Thanks to the excellent Answers With Joe for this concept. It really intrigued us—the nature of coincidences in life and how bizarre they seem. As if it’s more than chance. Such as the case of plum pudding and Monsieur de Fontgibu.
Émile Deschamps & Monsieur de Fontgibu
Émile Deschamps (1791-1871) was a French poet. He made an incredible claim in his autobiography, that he encountered an Englishman on every occasion he came across plum pudding.
This is covered in the above clip at 6:50 onwards—point nine on the list. But the story goes as follows:
- In 1805, Deschamps received some plum pudding from a man called Monsieur de Fontgibu (he was, apparently, English).
- A decade later in Paris, the poet went into a restaurant after seeing plum pudding advertised. Remembering the moment from 10 years previously, he fancied trying some. But the restaurant was out, the last piece going to Monsieur de Fontgibu who was eating it merrily before Deschamps.
- In 1832, at a dinner party, he saw plum pudding on the menu. He remarked to a friend he only needed Monsieur de Fontgibu around to make the moment complete. The Englishman then immediately walked into the room having arrived at the wrong address.
Deschamps apparently exclaimed:
“Three times in my life have I eaten plum pudding, and three times have I seen Monsieur de Fontgibu! A fourth time I should feel capable of anything… or capable of nothing!”
Swiss psychiatrist and psychoanalyst Carl Jung (1875-1961) wrote of such incidents. He introduced the parapsychological concept of synchronicity.
It theorises that events are meaningful coincidences when they happen with no causation, but are related in some way. Synchronicity is, basically, a meaningful coincidence in time.
His 1952 work Synchronicity: An Acausal Connecting Principle covers the concept—if you’re interested in reading it. In the work he claimed:
“Since psyche and matter are contained in one and the same world, and moreover are in continuous contact with one another and ultimately rest on irrepresentable, transcendental factors, it is not only possible but fairly probable, even, that psyche and matter are two different aspects of one and the same thing. The synchronicity phenomenon point, it seems to me, in this direction, for they show that the nonpsychic can behave like the psychic, and vice versa, without there being any causal connection between them.”
Now you can claim Jung is a bit stupid if you want, that’s if you disagree with him (Well, why not? We once saw someone online claim Stephen Hawking was stupid due to his atheistic leanings).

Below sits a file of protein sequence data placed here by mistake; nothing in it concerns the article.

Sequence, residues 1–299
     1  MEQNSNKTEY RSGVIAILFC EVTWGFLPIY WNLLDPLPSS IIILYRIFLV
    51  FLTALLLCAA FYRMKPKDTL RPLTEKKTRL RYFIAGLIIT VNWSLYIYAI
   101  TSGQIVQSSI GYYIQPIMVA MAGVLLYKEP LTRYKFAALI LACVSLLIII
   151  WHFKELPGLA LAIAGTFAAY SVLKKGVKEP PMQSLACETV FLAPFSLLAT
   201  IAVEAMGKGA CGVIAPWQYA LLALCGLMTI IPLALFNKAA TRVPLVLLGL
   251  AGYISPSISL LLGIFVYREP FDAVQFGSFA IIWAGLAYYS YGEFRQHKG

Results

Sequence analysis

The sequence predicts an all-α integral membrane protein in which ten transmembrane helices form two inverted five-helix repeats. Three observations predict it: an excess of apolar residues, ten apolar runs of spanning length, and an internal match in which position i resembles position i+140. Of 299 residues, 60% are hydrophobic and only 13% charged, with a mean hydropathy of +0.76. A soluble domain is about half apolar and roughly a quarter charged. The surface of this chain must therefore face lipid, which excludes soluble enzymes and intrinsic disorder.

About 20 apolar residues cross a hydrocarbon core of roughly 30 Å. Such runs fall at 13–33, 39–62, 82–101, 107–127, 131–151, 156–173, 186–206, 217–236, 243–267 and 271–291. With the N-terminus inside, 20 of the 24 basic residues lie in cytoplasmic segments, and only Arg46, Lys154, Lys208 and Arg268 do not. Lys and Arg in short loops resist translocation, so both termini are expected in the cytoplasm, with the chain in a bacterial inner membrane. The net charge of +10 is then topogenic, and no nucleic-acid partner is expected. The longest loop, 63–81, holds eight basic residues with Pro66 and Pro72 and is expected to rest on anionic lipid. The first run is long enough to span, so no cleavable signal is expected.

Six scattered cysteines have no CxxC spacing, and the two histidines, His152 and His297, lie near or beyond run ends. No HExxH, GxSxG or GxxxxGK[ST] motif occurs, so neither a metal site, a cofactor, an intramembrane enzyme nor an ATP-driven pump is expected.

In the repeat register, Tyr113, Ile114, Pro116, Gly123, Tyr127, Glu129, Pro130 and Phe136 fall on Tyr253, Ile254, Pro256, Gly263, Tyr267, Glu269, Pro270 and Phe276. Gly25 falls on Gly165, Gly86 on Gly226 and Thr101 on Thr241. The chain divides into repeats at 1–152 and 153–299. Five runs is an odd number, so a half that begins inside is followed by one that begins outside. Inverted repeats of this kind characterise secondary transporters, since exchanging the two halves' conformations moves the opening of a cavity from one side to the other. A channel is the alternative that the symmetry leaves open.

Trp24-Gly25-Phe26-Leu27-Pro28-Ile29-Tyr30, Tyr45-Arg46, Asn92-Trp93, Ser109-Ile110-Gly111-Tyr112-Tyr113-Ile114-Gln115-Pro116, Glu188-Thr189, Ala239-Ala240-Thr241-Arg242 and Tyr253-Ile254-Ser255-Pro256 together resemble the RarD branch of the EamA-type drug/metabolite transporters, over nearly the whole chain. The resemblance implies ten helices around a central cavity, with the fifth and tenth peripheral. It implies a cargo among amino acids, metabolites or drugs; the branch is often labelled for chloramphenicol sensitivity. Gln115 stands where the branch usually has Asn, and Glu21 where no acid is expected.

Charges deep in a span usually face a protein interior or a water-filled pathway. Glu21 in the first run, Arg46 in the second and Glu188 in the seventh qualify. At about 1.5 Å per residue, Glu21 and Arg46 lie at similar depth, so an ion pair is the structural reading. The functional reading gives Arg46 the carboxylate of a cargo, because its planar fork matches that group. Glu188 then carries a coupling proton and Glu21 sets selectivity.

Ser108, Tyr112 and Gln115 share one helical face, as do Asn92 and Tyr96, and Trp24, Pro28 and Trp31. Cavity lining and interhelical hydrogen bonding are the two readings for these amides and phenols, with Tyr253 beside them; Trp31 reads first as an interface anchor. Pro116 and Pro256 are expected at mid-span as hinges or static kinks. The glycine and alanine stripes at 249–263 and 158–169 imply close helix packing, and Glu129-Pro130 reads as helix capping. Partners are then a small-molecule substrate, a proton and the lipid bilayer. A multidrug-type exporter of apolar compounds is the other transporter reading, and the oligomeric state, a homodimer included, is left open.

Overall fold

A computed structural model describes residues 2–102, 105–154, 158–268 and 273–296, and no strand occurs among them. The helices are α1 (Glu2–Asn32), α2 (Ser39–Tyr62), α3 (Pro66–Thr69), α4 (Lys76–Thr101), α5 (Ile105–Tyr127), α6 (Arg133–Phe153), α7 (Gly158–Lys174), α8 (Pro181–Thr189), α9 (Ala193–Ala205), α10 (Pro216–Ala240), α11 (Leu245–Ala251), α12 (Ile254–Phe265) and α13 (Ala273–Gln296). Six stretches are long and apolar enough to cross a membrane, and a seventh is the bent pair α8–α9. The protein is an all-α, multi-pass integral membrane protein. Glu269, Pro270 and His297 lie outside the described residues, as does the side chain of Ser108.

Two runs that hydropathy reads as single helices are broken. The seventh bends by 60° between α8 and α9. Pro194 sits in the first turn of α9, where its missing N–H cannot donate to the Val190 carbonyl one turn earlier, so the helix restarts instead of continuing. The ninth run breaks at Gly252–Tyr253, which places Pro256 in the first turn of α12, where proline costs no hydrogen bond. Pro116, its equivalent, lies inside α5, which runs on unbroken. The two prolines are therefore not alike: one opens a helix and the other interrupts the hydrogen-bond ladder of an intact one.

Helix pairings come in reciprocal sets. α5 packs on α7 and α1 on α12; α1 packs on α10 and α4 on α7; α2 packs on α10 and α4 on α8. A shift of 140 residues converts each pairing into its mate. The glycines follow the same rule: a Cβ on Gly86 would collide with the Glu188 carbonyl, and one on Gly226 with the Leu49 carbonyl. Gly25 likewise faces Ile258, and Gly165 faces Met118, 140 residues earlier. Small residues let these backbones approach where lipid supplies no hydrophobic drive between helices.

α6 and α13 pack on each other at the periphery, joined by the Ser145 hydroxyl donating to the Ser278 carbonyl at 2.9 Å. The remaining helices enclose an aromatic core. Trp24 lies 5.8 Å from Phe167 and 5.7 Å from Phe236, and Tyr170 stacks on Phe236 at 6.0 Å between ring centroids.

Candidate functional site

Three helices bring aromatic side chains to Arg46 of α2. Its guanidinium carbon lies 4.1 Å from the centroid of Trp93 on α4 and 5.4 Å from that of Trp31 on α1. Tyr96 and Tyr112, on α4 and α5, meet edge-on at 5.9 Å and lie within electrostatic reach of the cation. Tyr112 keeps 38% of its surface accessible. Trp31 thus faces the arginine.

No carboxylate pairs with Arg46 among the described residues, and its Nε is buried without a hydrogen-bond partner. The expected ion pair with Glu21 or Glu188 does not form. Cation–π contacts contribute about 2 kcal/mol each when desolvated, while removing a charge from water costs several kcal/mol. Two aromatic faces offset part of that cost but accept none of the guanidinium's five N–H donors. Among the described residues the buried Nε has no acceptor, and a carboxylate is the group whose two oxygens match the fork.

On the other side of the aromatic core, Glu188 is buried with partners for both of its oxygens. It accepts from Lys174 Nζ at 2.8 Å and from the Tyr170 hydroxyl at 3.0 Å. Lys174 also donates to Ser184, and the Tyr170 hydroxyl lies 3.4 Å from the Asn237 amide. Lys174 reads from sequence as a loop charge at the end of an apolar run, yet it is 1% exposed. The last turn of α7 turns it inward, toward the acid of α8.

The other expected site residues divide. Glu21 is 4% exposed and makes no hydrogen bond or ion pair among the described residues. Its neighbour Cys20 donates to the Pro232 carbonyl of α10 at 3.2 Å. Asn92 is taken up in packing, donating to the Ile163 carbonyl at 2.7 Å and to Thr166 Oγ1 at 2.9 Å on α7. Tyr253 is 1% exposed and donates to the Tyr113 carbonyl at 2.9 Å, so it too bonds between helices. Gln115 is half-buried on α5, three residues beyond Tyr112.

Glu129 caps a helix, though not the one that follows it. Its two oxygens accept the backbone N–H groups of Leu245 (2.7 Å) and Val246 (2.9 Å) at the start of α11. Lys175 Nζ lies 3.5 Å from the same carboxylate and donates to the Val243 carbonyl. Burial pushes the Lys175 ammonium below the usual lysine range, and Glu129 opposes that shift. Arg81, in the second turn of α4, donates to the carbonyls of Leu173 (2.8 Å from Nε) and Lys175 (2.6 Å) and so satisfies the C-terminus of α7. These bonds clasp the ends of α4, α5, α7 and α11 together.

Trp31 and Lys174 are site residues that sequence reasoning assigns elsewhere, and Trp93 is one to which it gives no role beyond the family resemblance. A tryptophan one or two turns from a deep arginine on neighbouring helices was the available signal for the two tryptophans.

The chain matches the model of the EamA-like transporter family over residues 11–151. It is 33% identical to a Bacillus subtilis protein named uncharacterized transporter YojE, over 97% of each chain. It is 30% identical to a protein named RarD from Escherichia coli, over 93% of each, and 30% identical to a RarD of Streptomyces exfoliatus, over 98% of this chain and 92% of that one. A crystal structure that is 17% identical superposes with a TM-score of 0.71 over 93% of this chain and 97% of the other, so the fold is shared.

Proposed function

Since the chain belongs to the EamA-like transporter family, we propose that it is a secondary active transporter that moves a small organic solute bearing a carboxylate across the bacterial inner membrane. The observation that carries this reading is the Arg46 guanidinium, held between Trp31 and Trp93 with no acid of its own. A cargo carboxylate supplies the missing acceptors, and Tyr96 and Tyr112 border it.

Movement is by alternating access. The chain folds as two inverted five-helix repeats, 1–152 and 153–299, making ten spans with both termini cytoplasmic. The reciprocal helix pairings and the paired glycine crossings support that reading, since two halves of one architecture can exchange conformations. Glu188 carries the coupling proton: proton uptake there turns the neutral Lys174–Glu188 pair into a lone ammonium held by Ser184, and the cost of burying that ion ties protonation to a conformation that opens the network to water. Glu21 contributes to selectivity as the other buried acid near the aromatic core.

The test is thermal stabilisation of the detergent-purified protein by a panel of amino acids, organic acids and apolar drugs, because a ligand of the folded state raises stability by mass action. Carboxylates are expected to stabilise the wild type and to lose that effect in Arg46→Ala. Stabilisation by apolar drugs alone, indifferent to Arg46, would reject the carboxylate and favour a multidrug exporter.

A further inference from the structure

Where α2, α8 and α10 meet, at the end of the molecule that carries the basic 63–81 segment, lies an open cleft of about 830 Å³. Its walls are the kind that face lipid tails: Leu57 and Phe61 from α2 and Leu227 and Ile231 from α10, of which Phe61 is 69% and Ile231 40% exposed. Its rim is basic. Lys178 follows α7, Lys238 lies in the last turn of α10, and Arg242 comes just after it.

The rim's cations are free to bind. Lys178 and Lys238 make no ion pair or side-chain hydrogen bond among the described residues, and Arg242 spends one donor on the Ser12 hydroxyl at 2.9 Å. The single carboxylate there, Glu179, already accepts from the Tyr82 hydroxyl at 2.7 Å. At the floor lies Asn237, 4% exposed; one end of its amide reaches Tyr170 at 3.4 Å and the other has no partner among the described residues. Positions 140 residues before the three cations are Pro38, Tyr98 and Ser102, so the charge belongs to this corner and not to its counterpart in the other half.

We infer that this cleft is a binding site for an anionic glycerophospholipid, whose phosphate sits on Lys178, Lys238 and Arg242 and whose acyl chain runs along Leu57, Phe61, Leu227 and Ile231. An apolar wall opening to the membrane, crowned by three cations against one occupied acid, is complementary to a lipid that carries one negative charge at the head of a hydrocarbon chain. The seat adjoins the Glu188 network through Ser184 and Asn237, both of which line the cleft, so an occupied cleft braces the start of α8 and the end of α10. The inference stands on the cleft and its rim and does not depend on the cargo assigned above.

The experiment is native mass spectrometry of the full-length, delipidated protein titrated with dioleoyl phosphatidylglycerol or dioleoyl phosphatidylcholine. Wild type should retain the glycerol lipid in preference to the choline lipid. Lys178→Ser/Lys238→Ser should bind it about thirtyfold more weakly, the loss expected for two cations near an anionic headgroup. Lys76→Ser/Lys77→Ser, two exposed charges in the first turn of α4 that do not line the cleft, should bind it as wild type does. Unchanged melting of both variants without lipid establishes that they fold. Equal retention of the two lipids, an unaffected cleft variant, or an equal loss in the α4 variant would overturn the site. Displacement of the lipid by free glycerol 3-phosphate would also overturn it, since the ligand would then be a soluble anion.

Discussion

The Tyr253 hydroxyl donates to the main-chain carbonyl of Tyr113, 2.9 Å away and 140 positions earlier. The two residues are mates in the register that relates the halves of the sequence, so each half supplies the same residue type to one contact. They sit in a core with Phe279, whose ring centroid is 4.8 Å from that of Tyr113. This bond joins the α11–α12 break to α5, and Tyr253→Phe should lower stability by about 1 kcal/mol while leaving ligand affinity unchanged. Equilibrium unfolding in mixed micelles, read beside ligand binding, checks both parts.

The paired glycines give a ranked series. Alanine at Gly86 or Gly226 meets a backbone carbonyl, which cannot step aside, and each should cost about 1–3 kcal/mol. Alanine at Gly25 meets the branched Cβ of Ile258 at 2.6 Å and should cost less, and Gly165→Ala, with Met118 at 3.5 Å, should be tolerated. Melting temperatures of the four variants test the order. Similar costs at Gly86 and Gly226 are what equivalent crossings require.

Jung used various examples in his work and the case of Monsieur de Fontgibu was one of them.
Should we factor in Deschamp’s memory on this? Time can distort the true nature of events. But as Joe Scott’s video demonstrates, far stranger coincidences have occurred.
And we have an example from our lives. Several years ago, our friends travelled to Paris. We were supposed to go, but after another alien abduction we were deep in space so couldn’t.
We had intended to meet our friends in Paris and had discussed this with our intended travelling troop.
With us not there, that meeting was seemingly over. However, our friends just happened to bump into the Parisian friends who we’d talked about. After chatting it dawned on them they all knew Mr. Wapojif. A fine chinwag followed.
Happily, ever since a long friendship between the sets of friends has blossomed.
It may seem like a remarkable chance, but various factors are there to consider. It was at a major Tour de France event in the centre of Paris, it just so happened they were standing near to each other.
There are mathematical equations for this sort of thing, but we’re not going into that! We’re far too dumb.
But in the 1973 Princeton University press editorial preface of Jung’s book it states:
“When a young man, Jung saw a solid oak table suddenly split right across. Soon afterwards a strong steel knife broke in pieces for no apparent reason. His superstitious mother, who also witnessed both these events, looked at him significantly, and this made Jung wonder what it was all about. Later he learned that some of his relatives had been attending seances with a medium: they had been wanting to ask him to join them. For Jung and his mother these occurrences, apparently separate, became linked together in a meaningful way. It was unlikely that the split table and broken knife were caused by the thoughts of his relatives or that the medium was seeking to impress him magically with her powers. However, that these happenings stimulated him to join in the seances and that he subsequently undertook research into occultism bear witness to their effect upon him. Jung introduced the idea of synchronicity to strip off the fantasy, magic, and superstition which surround and are provoked by unpredictable, startling, and impressive events that, like these, appear to be connected. They are simply ‘meaningful coincidences.'”
And there you have it. Think of the coincidences in your life and then think of Carl Jung.
Or just order some plum pudding and wait for Monsieur de Fontgibu to turn up. Shouldn’t take too long.